Experts who look at mobile gaming generally compare it to big name consoles such as the Xbox One and the PlayStation 4. In reality, mobile gaming is a much more intimate platform, and one which is highly portable and transient. It’s one that generally transcends specific devices because the games themselves work on either Android, iOS or any of the myriad mobile gaming specific devices which includes the likes of Nintendo 3DS, 2DS, and DSi as well as the PS Vita and the PSP.
A new study from App Annie shows that mobile gaming is on an unimaginable rise while handheld gaming seems to be cooling down. Let’s check it out!
1. Android is still leading the way in tablets and smartphones
Android increased in market share by a startling 8.4% since Q2 of 2013 and that puts it up to over 70% of the market share overall. iOS fell 1.9% and all others (Symbian, Windows Phone, etc) fell a total of 6.4%.
It’s fairly obvious what this slide shows. Android is still cleaning house in terms of market share.
2. Handheld gaming consoles are not fairing so well
It’s quite clear here that people are buying fewer games for their handheld gaming consoles across the board. Nintendo and Sony both saw drops in digitally purchased and downloaded games as well as physical copies of games (the graph shows both of these combined). All handheld gaming console sales dropped a reported 27% from Q2 of 2013 to Q2 of 2014.
It would have made sense if it were actual game console shipments. Handheld consoles don’t renew every year like smartphones do, so if you were to have bought one several years ago then you would most likely still have it. However, actual game sales themselves are dropping too which means fewer people feel engaged enough with newer content to buy games for these consoles.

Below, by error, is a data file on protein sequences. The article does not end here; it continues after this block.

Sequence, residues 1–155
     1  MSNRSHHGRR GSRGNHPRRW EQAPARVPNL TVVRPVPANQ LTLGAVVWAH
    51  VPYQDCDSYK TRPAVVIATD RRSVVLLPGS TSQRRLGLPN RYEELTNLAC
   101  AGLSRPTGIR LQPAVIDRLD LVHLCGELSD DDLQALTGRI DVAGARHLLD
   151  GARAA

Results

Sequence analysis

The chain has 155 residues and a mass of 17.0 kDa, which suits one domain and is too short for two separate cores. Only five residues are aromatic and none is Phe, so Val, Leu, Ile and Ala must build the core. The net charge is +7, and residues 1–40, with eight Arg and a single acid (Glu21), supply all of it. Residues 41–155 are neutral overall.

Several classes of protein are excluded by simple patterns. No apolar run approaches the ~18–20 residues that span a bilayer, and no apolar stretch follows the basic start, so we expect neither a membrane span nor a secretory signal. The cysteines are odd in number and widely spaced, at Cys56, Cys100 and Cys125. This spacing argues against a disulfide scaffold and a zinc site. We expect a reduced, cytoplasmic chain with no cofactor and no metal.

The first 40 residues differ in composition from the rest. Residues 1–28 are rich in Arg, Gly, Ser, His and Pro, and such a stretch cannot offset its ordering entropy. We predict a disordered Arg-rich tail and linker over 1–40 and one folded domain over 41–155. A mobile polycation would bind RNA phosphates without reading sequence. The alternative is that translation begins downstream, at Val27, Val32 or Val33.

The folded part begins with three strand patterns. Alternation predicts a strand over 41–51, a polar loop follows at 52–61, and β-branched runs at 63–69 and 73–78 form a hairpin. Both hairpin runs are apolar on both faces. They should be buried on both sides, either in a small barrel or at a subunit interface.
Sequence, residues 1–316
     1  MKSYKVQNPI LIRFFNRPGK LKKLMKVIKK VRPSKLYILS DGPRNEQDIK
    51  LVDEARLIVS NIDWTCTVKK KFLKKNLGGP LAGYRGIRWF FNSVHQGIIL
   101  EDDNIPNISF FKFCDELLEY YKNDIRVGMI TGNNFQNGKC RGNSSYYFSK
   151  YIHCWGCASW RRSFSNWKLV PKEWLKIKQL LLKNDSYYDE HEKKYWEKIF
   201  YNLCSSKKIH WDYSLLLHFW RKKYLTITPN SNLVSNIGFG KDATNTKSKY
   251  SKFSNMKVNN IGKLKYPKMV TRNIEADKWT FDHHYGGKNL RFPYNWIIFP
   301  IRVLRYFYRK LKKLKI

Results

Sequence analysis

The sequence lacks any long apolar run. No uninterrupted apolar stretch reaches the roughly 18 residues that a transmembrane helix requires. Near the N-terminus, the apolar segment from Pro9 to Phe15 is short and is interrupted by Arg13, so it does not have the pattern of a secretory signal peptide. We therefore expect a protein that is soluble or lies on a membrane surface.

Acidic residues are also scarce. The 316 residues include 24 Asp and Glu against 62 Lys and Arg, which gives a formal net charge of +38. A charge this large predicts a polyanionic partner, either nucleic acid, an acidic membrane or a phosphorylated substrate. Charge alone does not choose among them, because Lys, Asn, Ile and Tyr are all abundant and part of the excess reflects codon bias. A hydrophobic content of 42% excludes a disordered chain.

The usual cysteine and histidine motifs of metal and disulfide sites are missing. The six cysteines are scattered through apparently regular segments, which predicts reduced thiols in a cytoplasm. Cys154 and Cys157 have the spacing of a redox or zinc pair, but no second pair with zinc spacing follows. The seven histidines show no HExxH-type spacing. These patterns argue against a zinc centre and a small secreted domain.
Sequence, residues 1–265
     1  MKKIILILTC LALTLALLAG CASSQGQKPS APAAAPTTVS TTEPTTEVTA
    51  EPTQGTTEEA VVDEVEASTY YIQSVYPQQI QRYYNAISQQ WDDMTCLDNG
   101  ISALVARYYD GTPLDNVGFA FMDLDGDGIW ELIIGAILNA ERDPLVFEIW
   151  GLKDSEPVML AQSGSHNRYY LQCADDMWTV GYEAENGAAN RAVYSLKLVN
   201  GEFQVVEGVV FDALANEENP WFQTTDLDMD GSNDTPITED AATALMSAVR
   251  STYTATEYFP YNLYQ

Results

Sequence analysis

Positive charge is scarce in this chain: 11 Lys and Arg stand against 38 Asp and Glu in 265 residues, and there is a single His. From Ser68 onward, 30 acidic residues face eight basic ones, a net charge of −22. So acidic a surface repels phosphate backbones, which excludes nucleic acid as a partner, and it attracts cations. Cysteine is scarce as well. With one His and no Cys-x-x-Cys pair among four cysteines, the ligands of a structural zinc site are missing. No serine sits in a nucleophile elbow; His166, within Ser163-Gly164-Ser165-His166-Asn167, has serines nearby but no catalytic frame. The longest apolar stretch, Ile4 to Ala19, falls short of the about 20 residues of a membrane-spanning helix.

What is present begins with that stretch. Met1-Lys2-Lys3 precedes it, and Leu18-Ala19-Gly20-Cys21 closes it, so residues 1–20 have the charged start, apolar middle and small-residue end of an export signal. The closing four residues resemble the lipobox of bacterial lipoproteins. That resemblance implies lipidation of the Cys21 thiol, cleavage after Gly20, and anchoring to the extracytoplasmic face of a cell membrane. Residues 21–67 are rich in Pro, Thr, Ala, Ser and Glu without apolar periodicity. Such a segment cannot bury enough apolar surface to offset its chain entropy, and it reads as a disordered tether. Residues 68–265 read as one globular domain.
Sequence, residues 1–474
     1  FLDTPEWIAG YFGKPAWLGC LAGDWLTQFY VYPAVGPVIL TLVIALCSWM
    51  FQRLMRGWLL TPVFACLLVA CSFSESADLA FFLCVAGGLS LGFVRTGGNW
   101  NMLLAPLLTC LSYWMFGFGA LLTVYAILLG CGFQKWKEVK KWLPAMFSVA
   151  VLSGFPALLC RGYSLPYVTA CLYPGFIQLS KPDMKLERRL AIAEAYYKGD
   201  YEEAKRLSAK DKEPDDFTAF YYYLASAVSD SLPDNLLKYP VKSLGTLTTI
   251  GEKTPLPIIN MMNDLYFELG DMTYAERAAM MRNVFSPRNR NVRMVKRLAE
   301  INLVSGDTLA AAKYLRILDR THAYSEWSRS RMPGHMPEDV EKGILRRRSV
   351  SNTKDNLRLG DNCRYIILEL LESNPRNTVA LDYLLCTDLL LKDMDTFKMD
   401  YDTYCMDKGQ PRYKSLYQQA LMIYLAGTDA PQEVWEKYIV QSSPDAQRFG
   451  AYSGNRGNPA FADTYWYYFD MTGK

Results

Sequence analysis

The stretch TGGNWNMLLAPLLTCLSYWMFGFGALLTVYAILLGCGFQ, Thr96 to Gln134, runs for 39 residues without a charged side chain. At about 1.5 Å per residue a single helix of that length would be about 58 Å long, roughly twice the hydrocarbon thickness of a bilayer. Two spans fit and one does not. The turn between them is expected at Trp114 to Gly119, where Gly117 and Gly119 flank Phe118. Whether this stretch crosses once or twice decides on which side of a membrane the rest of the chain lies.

3. Despite growth, games only accounted for the same percentage overall
Game downloads accounted for more or less the same percentage of downloads compared to regular apps overall on both Google Play and the Apple App Store from this time last year. They also accounted for more or less the same percentage of revenue. The Google Play Store saw a small increase while the App Store saw a very slight decrease.
No real takeaway here. Steady as she goes. Slight fluctuations occur all the time so any increase or decrease that small is not indicative of real growth but usually just trends that range month to month. It’s interesting that the mammoth growth has managed only a slight difference in revenue and download market share. This means that regular apps have been experiencing growth, as well.
4. Mobile phone gaming goes up, handheld console gaming goes down
Google Play gaming revenue is up over 70% from last year and the Apple App Store isn’t far behind. On the flip side, handheld gaming dropped 28%.
A lot of people would argue that correlation doesn’t equal causation. There are a lot of reasons why these stats could be happening. Mobile phone gaming is getting better while handheld gaming hasn’t made any gigantic strides in the last few years. People may be playing games on phones more because a person’s phone is always with them whereas handheld game consoles require you carry around a second device. It is most likely all of the above and more. Usually when drops and rises happen like this, there is no one direct cause or correlation but rather many causes which may lead to a few correlations.